Our research started with a broad review of the literature on school-based behavior expectations in schools—including consideration of indicators of student success and those areas most concerning to educators. We narrowed the literature to items that could be defined both in broad and narrow terms, and then conducted a series of research studies to identify those target behaviors that resulted in the strongest evidence for use. In the end, the core school-based behavioral competencies —that is, those behaviors that every student should display in order to fully access instruction and participate in the school environment—are academically engaged, disruptive, and respectful. That said, we also acknowledge that some situations may call for additional targets; thus, we maintain the flexibility of DBR-SIS by supporting use for any behavior of relevance to a particular context.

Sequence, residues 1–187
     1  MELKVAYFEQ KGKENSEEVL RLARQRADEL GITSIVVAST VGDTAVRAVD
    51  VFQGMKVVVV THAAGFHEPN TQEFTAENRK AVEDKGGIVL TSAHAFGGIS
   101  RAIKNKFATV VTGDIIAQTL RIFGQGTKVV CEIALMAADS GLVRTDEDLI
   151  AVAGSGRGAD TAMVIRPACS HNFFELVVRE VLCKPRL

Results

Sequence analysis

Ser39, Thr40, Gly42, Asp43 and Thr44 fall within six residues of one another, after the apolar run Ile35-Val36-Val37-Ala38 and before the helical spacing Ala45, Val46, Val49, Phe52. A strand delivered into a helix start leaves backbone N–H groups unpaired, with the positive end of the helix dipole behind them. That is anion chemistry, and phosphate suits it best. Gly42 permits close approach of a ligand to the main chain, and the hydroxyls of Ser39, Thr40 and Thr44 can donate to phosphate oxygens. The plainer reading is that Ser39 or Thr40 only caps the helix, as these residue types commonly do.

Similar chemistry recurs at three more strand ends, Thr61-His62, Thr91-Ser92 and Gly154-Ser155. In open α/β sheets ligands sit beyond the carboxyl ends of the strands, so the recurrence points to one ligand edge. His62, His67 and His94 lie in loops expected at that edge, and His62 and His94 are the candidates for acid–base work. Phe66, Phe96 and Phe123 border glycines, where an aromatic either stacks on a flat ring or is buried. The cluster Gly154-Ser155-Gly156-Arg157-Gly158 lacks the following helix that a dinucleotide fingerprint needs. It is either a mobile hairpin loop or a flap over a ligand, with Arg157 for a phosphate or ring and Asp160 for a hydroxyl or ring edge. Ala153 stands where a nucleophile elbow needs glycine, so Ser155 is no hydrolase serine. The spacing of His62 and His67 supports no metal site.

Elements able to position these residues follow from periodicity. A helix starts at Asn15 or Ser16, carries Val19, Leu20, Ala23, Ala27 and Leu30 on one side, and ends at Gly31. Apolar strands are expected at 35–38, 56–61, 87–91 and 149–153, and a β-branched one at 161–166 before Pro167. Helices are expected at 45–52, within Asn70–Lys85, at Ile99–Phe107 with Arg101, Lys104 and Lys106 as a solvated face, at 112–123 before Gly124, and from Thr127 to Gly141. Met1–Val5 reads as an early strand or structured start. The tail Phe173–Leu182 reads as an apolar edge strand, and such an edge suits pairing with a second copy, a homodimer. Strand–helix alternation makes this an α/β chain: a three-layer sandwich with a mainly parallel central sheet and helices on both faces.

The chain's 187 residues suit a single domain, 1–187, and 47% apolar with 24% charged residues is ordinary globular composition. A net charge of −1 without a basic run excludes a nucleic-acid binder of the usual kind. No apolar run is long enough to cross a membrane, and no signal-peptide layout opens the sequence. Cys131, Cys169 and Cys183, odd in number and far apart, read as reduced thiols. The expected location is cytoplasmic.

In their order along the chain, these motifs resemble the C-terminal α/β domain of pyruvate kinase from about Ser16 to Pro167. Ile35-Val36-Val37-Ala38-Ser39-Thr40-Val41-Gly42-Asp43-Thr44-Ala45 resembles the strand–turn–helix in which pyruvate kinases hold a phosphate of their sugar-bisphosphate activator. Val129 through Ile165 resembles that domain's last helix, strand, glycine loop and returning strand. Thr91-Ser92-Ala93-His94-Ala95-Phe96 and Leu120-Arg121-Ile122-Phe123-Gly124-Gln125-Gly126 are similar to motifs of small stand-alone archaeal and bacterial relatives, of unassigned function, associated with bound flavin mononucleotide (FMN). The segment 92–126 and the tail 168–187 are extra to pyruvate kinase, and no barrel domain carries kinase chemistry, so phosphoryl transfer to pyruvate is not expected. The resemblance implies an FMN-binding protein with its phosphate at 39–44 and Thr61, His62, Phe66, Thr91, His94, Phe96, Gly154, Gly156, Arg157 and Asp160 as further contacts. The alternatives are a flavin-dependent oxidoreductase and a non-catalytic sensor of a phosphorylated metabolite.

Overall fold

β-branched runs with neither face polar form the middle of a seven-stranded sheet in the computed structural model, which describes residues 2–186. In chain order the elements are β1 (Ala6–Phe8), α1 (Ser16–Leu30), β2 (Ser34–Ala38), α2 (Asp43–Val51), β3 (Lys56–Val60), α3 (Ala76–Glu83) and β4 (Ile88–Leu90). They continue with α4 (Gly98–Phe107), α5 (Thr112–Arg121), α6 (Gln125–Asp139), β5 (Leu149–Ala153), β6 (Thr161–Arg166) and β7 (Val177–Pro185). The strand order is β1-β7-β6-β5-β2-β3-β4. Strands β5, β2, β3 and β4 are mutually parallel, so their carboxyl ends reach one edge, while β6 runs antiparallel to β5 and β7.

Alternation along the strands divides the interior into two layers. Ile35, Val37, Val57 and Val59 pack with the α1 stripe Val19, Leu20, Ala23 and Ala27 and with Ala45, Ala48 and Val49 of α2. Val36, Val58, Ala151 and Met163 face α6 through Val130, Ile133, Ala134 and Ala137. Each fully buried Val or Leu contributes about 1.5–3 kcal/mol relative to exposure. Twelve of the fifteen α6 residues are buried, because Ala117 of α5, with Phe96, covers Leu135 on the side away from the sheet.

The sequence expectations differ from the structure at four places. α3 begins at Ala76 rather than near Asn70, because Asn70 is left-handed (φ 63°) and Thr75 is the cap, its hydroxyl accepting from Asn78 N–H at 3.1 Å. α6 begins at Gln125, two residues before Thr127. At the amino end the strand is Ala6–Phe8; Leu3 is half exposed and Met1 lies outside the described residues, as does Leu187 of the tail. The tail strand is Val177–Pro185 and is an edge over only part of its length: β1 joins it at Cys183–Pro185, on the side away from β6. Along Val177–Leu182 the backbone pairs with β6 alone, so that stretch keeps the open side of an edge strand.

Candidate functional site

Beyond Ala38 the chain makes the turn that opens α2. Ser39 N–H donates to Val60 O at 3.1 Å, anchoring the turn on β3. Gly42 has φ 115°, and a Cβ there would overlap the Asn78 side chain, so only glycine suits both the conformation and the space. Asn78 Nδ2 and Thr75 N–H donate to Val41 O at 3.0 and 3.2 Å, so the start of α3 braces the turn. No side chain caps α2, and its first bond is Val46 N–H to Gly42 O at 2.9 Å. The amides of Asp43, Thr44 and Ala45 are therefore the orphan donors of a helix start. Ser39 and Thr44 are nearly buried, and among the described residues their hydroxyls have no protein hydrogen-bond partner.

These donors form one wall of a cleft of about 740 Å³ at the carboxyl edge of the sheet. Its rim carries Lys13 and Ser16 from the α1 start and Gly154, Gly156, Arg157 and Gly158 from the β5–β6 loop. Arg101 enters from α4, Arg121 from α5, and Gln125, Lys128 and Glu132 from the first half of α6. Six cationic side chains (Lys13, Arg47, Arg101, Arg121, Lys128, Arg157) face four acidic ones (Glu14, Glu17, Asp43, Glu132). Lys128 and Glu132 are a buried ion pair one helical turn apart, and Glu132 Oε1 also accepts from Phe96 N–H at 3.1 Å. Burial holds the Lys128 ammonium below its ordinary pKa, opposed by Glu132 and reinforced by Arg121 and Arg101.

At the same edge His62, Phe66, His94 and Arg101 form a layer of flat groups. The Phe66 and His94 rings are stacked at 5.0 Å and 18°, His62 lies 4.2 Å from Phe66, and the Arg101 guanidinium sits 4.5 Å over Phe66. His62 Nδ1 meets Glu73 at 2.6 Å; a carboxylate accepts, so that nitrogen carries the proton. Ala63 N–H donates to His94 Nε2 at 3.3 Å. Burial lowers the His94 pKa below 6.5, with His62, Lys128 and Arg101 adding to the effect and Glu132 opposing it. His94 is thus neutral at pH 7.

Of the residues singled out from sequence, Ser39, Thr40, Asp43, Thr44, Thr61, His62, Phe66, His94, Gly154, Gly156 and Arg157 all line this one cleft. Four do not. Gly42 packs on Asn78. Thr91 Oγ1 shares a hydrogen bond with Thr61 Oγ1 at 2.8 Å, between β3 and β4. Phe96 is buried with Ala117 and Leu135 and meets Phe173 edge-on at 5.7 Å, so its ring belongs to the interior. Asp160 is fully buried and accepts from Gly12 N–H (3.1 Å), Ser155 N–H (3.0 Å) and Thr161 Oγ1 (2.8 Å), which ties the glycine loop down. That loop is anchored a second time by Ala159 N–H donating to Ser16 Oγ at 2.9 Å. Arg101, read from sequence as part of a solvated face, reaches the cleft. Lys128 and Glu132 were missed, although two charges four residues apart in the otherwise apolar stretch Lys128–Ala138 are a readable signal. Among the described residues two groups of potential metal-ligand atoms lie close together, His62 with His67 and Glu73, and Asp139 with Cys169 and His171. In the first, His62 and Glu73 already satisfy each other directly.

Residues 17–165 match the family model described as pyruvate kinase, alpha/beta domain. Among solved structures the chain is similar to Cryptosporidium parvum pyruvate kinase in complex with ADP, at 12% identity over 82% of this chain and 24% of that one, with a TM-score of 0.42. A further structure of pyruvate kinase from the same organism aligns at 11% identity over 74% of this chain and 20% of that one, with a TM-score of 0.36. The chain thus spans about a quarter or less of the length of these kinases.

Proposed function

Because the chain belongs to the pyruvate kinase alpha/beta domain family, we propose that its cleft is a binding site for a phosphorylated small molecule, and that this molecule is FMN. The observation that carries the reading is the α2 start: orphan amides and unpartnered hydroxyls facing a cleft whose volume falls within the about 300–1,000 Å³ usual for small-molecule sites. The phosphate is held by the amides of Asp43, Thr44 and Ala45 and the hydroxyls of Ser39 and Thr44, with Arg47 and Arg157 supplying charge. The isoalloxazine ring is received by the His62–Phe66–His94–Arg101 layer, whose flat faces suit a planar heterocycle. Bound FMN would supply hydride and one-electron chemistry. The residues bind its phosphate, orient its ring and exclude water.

Who is the target audience for DBR?
Teachers are the primary users of DBR, meaning they serve as the primary raters and producers of data summaries for decision making. However, all educators (e.g. administrators, school psychologists) can benefit from data reports to inform decision making, and there may be some situations in which other users may serve as appropriate raters (e.g. monitoring of behavior progress during counseling sessions). Remember, an important strength of a DBR data stream is the capacity to share with students and parents to communicate information about behavior.
Is there any special training required to use DBR?
No special training is required, but we do recommend that users become familiar with how DBR works and have opportunity for practice and feedback prior to collecting data. We offer a free online training system that includes all of these components.
Used within a multi-tiered system of support, DBR is a tool that helps screen at-risk students and monitor RTI effectiveness.